An experimental form of gene therapy for Parkinson's disease has been shown to produce promising results.
Nerve cell activity was dampened down by the therapy
US scientists treated 12 patients with a virus genetically modified to carry a human gene which dampens down the nerve cells over-excited by Parkinson's.
Now brain scans have revealed significant improvements - which were still present a year later.
The Feinstein Institute for Medical Research study features in Proceedings of the National Academy of Sciences.
However, the work is still at an early stage. The main aim was to test whether the therapy was safe.
Scientists delivered the gene only to one side of the brain - that which controls movement on the side of the body most affected by Parkinson's - to reduce the potential risk.
It makes an inhibitory chemical called GABA that turns down the activity in a key part of the pathway which controls movement.
Motor network changes
The US team tested the impact of the therapy by using a form of brain imaging known as positron emission tomography (PET) to track changes in the brain.
They focused on two discrete brain networks - one that regulates movement, and another that affects thinking processes.
Only the motor networks were altered by the therapy - but this was all the researchers had hoped for.
The scans showed that the motor network on the untreated side of the body got worse, and that on the treated side got better.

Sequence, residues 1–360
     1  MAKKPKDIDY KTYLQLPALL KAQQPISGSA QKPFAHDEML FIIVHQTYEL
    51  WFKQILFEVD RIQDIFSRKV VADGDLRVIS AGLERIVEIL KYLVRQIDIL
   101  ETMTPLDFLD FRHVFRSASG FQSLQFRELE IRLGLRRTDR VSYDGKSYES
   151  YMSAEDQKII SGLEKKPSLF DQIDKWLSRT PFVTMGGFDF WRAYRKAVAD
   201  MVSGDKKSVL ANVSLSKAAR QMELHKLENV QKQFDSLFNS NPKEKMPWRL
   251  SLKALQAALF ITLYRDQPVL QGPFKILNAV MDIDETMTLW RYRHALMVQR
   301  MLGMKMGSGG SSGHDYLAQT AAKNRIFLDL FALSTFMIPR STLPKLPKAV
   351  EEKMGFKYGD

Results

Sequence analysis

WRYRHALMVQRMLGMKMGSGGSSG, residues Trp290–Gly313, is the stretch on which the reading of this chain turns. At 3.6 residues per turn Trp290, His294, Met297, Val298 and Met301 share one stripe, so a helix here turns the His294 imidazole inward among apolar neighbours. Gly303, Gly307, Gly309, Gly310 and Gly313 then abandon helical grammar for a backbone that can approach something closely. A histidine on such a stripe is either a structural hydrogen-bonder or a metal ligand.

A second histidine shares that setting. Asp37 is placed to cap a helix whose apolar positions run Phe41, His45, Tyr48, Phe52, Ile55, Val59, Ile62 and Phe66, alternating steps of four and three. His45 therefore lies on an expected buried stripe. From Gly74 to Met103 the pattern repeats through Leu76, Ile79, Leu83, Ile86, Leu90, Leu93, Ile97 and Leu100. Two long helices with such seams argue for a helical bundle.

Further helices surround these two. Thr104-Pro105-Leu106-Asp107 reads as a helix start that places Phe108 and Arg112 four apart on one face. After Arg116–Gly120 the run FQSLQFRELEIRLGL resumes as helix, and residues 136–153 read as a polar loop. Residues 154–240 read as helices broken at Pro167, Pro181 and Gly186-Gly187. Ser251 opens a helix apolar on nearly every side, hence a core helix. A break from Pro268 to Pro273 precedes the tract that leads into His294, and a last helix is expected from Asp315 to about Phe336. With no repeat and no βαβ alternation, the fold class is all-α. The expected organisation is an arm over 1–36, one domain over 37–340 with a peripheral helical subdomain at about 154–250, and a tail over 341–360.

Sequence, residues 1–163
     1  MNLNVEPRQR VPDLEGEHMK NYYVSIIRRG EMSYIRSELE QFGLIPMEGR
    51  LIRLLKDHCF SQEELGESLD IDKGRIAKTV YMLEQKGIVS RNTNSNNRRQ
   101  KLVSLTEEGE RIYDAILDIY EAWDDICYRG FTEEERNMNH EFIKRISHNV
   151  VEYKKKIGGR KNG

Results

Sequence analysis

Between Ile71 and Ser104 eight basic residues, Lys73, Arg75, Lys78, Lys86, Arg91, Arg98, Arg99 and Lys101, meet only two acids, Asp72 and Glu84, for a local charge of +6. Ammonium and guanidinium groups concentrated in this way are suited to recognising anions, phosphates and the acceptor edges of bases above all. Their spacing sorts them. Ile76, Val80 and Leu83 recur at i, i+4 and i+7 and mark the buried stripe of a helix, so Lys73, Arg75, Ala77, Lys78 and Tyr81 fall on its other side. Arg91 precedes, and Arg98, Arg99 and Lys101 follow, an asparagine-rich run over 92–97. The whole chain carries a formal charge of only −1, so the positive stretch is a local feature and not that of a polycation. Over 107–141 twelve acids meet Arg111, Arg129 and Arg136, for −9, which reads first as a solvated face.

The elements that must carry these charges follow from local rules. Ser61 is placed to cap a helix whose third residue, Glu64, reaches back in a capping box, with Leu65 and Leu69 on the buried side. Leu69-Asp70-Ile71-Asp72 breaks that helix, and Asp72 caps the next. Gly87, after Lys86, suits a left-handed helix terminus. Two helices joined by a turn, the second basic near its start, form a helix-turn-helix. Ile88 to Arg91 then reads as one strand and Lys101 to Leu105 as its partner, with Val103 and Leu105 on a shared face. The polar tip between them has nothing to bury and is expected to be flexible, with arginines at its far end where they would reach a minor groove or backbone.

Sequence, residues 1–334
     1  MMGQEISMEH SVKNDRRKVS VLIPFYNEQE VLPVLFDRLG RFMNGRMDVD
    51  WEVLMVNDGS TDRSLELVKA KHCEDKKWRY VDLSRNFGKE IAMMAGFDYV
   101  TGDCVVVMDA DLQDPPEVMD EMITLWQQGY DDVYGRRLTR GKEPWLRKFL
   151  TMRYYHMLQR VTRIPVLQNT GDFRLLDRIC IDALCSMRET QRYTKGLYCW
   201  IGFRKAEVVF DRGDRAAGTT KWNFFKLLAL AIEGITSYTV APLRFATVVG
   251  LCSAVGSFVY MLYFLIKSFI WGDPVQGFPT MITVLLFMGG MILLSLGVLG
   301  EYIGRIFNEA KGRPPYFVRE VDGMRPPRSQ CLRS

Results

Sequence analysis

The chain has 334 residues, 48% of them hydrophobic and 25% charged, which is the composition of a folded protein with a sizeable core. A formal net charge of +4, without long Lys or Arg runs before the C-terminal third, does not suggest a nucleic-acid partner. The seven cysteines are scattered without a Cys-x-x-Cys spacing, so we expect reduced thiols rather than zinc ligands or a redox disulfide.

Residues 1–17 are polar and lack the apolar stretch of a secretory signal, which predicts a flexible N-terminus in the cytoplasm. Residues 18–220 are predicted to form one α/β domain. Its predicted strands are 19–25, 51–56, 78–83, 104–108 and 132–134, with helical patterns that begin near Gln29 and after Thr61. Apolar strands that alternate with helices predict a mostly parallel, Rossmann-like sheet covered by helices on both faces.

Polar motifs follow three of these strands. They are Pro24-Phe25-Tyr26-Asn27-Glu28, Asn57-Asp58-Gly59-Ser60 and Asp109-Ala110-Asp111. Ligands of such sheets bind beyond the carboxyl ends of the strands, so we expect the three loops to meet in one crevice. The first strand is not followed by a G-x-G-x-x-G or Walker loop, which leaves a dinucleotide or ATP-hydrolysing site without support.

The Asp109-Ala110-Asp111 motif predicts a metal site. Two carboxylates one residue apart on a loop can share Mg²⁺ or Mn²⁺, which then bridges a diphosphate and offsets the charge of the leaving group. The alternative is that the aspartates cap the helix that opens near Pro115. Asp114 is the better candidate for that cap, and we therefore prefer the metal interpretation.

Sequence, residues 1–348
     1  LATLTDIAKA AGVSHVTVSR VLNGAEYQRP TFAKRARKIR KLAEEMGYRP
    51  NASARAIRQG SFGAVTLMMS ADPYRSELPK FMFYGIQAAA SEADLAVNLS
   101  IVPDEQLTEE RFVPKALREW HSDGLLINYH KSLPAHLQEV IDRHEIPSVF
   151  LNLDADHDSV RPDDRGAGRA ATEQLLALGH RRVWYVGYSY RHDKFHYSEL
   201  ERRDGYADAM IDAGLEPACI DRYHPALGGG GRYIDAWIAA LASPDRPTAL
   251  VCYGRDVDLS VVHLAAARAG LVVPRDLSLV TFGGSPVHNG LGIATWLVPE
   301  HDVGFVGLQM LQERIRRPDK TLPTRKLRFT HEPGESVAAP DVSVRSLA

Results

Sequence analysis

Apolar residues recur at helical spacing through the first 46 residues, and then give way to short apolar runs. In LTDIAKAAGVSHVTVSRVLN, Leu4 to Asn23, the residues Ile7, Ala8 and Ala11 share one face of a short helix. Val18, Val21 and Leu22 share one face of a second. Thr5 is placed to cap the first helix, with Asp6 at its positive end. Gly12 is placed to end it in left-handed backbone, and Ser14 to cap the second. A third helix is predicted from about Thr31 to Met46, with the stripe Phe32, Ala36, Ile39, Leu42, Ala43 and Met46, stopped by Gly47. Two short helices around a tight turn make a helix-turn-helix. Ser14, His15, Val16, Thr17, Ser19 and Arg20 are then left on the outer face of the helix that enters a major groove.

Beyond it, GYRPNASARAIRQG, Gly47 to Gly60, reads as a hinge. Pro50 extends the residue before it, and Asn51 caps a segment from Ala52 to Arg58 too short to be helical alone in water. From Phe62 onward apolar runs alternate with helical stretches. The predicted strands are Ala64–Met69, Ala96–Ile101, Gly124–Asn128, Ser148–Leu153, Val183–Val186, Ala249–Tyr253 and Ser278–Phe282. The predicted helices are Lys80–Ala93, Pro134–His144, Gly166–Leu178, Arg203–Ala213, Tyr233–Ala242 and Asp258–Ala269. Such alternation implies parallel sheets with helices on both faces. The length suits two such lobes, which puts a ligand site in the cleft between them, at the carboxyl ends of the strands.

The improvement was reflected in an improvement in patients' symptoms.
They began to show signs of improvement one month after starting therapy, and by six months movement had improved by an average of 30%.
One patient registered an improvement of 65%.
The brain scans also showed those patients who received the highest dose of the gene therapy registered the longest-lasting effect.
Lead researcher Dr David Eidelberg said: "Having this information from a PET scan allows us to know that what we are seeing is real.
"This study demonstrates that PET scanning can be a valuable marker in testing novel therapies for Parkinson's disease."
Parkinson's, which affects around 120,000 people in the UK, is caused by the loss of brain cells, which leads to a drop in chemicals required to regulate cell activity, and the connections they make with their neighbours.
Dr Kieran Breen, of the Parkinson's Disease Society, said the disease was likely to be caused by a mix of genetic and environmental factors.
"Because of this, there are many potential ways to treat or cure Parkinson's, and gene therapy is one potential route holding a lot of promise," he said.
"This study is important as it suggests that it was the therapy itself, rather than a placebo effect, that was having a positive impact on patients' symptoms."